The wildfire threat will remain elevated across the southwestern United States into next week as another round of extreme heat looms.
Triple-digit heat will continue to hold a firm grip on the deserts of the Southwest the rest of this week but not to the extreme levels from earlier this week.
After flirting with the 120-degree mark, temperatures in Phoenix will hold closer to 110 degrees Fahrenheit daily into Saturday. A high of 105 F is more common in late June.
Residents of the Southwest will also have to remain vigilant of a continued elevated wildfire danger despite the extreme temperatures from earlier this week not being repeated.
The sizzling temperatures and low humidity will further dry out vegetation across the region this week, providing sufficient fuel for any blazes that ignite.
Localized gusty winds will kick up each of the next several afternoons and evenings, threatening to spread any sparks or existing fires.
AccuWeather Meteorologist Evan Duffey, who is also a volunteer firefighter, is concerned that dry thunderstorms may spark fires in the Four Corners region.
"There were not many thunderstorms during the recent heat wave, but as the heat wanes and an upper-air disturbance moves into the Northwest, the threat of isolated dry thunderstorms will become the main concern for the Four Corners the rest of this week," he said.
"Due to lack of moisture in the vegetation, about one in every five lightning strikes is expected to produce at least a small fire."
Duffey is especially concerned that the fire danger may spike briefly in Colorado and Wyoming on Friday due to more dry thunderstorms and gusty winds.
Beyond this threat, attention will then turn toward the next surge of heat across the Southwest this weekend into early next week as another ridge of high pressure builds overhead.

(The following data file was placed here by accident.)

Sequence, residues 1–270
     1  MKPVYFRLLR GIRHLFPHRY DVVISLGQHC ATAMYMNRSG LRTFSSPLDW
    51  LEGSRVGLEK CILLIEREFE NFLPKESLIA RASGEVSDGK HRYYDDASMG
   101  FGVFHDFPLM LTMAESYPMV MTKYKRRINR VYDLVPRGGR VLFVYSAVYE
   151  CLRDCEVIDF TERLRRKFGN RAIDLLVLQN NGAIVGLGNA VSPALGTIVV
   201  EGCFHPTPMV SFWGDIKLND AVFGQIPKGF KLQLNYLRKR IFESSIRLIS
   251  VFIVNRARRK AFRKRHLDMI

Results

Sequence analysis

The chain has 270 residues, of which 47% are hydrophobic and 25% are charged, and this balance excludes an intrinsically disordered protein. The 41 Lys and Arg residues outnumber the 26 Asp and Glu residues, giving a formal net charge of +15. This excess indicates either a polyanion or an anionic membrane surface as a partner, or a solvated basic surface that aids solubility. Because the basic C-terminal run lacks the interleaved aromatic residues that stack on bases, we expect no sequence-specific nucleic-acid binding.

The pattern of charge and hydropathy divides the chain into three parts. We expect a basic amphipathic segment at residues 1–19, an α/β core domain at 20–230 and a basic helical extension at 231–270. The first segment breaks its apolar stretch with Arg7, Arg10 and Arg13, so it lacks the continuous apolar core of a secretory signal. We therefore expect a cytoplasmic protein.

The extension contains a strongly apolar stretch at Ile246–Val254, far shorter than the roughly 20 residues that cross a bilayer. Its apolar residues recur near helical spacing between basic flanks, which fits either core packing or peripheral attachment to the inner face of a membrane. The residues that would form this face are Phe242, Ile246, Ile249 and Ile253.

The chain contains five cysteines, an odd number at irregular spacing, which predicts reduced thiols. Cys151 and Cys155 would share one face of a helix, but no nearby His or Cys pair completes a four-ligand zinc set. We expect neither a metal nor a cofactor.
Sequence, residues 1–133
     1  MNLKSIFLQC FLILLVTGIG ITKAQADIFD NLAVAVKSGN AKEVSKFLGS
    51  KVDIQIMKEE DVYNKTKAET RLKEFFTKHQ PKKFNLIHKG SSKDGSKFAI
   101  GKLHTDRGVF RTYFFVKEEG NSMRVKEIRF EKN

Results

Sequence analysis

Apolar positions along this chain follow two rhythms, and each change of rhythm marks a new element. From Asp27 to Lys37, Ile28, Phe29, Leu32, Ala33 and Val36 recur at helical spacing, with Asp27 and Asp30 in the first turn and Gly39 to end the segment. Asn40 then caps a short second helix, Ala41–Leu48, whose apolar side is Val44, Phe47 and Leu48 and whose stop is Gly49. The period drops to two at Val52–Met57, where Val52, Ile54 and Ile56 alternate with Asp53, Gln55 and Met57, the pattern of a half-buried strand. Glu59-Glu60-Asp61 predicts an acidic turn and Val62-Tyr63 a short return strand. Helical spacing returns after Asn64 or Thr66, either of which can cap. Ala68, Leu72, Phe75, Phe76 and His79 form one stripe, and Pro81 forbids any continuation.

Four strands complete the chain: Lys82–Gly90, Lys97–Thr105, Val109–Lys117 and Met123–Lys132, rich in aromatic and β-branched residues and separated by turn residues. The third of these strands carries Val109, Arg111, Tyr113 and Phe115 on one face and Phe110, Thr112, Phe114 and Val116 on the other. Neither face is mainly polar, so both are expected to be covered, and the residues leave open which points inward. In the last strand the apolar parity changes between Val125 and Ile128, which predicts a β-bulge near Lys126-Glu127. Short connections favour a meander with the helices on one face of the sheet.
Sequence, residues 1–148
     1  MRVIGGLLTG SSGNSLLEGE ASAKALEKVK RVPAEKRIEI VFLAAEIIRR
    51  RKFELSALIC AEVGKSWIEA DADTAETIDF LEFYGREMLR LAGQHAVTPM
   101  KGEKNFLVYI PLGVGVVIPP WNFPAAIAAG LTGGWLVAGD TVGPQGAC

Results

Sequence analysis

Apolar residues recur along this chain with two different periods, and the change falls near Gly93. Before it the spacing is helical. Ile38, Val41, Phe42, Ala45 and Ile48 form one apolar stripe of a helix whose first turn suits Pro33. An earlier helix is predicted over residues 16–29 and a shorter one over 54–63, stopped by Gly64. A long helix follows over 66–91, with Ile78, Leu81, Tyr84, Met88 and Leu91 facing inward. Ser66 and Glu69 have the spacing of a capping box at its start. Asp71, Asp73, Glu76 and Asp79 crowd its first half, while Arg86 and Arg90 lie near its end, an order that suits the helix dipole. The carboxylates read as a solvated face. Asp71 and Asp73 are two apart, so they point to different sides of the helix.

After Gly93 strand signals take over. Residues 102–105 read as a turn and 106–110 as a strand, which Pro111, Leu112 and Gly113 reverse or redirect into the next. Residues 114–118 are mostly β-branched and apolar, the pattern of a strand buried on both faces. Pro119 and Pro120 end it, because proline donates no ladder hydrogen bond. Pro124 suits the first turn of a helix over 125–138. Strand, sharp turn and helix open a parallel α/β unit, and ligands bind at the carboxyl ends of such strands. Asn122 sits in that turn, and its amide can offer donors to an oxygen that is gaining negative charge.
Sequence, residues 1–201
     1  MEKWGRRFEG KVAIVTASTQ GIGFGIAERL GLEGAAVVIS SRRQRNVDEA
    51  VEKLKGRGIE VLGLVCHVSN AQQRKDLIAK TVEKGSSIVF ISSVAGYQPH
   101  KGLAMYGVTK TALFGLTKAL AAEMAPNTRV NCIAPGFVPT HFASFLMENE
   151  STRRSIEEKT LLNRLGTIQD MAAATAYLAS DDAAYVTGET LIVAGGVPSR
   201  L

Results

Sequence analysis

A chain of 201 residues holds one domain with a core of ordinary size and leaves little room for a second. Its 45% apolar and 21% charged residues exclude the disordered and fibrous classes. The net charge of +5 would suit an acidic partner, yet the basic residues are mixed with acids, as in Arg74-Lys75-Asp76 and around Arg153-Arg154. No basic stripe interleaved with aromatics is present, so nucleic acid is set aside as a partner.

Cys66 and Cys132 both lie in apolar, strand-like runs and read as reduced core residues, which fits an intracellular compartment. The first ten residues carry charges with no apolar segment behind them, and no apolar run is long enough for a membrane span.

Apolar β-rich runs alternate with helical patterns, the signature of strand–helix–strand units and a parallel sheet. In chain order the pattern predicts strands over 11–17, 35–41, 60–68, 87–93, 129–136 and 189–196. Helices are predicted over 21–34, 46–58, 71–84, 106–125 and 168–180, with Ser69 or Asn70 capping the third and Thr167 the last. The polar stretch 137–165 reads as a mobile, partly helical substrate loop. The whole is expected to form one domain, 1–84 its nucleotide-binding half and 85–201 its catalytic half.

"After a nice cooldown the last couple of days in Southern California, the heat will come right back by the latter half of the weekend and early next week," AccuWeather Western Weather Expert Ken Clark said.
"Triple-digit heat will return to parts of the Los Angeles and San Diego areas by Sunday and Monday, and excessive heat will become likely in the Central Valley of California with some areas getting to, or just past 110 F," he said.
In parts of the lower Colorado River Basin, including Needles, California, temperatures may approach 120 F. While not quite as extreme as what was recorded earlier this week, temperatures will flirt with 115 F in Phoenix, Arizona.
There will be a gradual increase in moisture around the high next week, which could work to spark some thunderstorms in Arizona and the mountains and deserts of Southern California and eventually up into the Great Basin.
While providing brief cooling and residual clouds that will work to temper the heat across the Southwest, thunderstorms could also produce gusty winds and lightning-sparked fires well away from where it is raining.
The increase in humidity in southern California and the deserts of Arizona will cause AccuWeather RealFeel® Temperatures to increase more above actual temperatures than during the recent heat wave.